Detroit -- Mike Ilitch's hockey teams turned Detroit into a travel-brochure haven during those giddy years when Hall of Famers-to-be wanted to play for the best money on the best team in the NHL.
Ilitch has since financed a parallel to those Stanley Cup jewels of the NHL's pre-salary cap era.
The Tigers are hot. They pay well. They win. Players get along. And the front office and manager's quarters are loaded with seasoned guys whom players trust and respect.
But to justify a lavish deal for pitcher Anibal Sanchez that front-office chief Dave Dombrowski agreed Monday was "risky," the Tigers understand a World Series championship is the only way to thank Ilitch.
Sanchez mentioned all of that during a news conference at Comerica Park, a few days after Ilitch had OK'd an $80 million contract, spanning five years with a sixth-season option.
"Thank you, Mr. Ilitch, to let it happen," Sanchez said after letting his signature dot a deal that could keep the 28-year-old right-hander in Detroit through 2018.
"I know the players, the front office; we almost get the ring," he said, referring to the four-game tumble to the Giants in the World Series. "Now I have a pretty good team. We'll (bring) the ring to the city."
That would be helpful. Ilitch isn't spending a likely $155 million-plus in 2013 because he loves the challenge of pounding a New York-style payroll into an economically twisted Midwest town's baseball team.
He is spending big because he wants to win the grand prize. He lives to win a World Series and is savvy enough to know a pitcher as skilled as Sanchez can help pull it off.
And what a wager he is making, what trust he is showing his lieutenants, in signing Sanchez. Baseball's best and brightest admit there is no greater gamble than to invest a fortune in long-term bucks for that most fragile of sports species, the pitcher.
"It's a risk," Dombrowski said as he, Sanchez, and Sanchez's agent, Gene Mato, sat at a dais inside the Tiger Club. "Pitching is a risky business. That's just the way it is.
"From a club perspective, we would prefer a shorter window. There are things that can happen."
Oh, can they ever. Sanchez already has had Tommy John surgery. He has had a torn labrum. Arms are like the transmission on an old car. They can go anytime, any place. And if there are any serious ills at any point during this deal, the Tigers could be stuck paying an albatross of a contract.
But the Tigers and Ilitch knew this when they offered Mato and Sanchez $80 million to say no to the Cubs and other teams also in love with Sanchez's slick blend of power, command, and finesse.
Tigers pitching coach Jeff Jones was debriefed by his bosses. What was intrinsic, what were the subtleties Sanchez had revealed after the Tigers pried him from the Marlins in last July's trade?
"He's kind of unique," Jones said. "He has quality stuff. He can be overpowering. But he also does a lot of pitching.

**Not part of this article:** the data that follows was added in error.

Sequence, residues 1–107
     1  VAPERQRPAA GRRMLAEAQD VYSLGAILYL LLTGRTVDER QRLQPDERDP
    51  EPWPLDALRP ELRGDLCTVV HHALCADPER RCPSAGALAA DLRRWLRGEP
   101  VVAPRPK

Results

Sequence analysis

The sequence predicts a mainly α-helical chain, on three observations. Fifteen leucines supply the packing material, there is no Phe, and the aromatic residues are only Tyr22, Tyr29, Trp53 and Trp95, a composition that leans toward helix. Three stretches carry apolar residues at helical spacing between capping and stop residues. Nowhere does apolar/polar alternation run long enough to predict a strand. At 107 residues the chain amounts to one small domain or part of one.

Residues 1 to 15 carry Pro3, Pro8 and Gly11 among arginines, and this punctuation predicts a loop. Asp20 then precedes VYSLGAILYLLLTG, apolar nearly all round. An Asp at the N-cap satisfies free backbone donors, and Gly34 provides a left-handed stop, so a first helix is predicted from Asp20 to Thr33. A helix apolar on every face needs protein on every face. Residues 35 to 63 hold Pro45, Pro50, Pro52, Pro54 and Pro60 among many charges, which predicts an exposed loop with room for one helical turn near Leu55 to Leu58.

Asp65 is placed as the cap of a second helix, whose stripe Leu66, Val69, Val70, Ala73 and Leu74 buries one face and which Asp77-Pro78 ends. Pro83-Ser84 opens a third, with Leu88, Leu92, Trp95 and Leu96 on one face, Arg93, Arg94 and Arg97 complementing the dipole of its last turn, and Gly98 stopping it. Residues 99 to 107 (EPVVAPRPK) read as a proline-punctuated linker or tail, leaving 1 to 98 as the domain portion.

"He's comfortable throwing breaking stuff when he's behind. And he's got a good change-up. So, he's not your prototypical power pitcher, even though he can dial up that fastball. Really, he does it all."
Amen, Tigers manager Jim Leyland said.
"He's got a little bit of something for everybody," Leyland said during a phone conversation. "We've got a good pitcher."
In fact, Sanchez throws four pitches rather than the conventional three. He works the plate. He throws strikes. He gets hitters to swing and miss, which is convenient when your infielders seem always to be in a generous spirit of gift-giving.
The next move
What the owner and his GM finally decided at last week's Christmas party, held in the same room as Monday's news conference, led to a deal getting done four days later.
Dombrowski conceded Monday's mathematical realities. The Tigers have six starting pitchers. One will soon be traded and the Tigers have never disputed that conversations have focused on Rick Porcello. He is expected to be dealt, probably soon, which was all but advertised when Dombrowski happily announced there had been "numerous" calls from opposing GMs interested in Detroit's starting pitching surplus.
The Tigers believe they have a greater chance at getting deeper into games with less stress when their rotation features Justin Verlander, Max Scherzer, Doug Fister, Sanchez, and left-hander Drew Smyly, who pitched with such consistency and polish his rookie season.
Sanchez's decision to stick in Detroit, pitching for a Tigers brand that has soared in status during the past six years, now permits a Porcello trade that should help gild an already handsome roster.
Which leaves one little thing. Finishing business in October.
Until that matter is wrapped up, an owner dreams, all as he lends his name to another round of astonishing paychecks.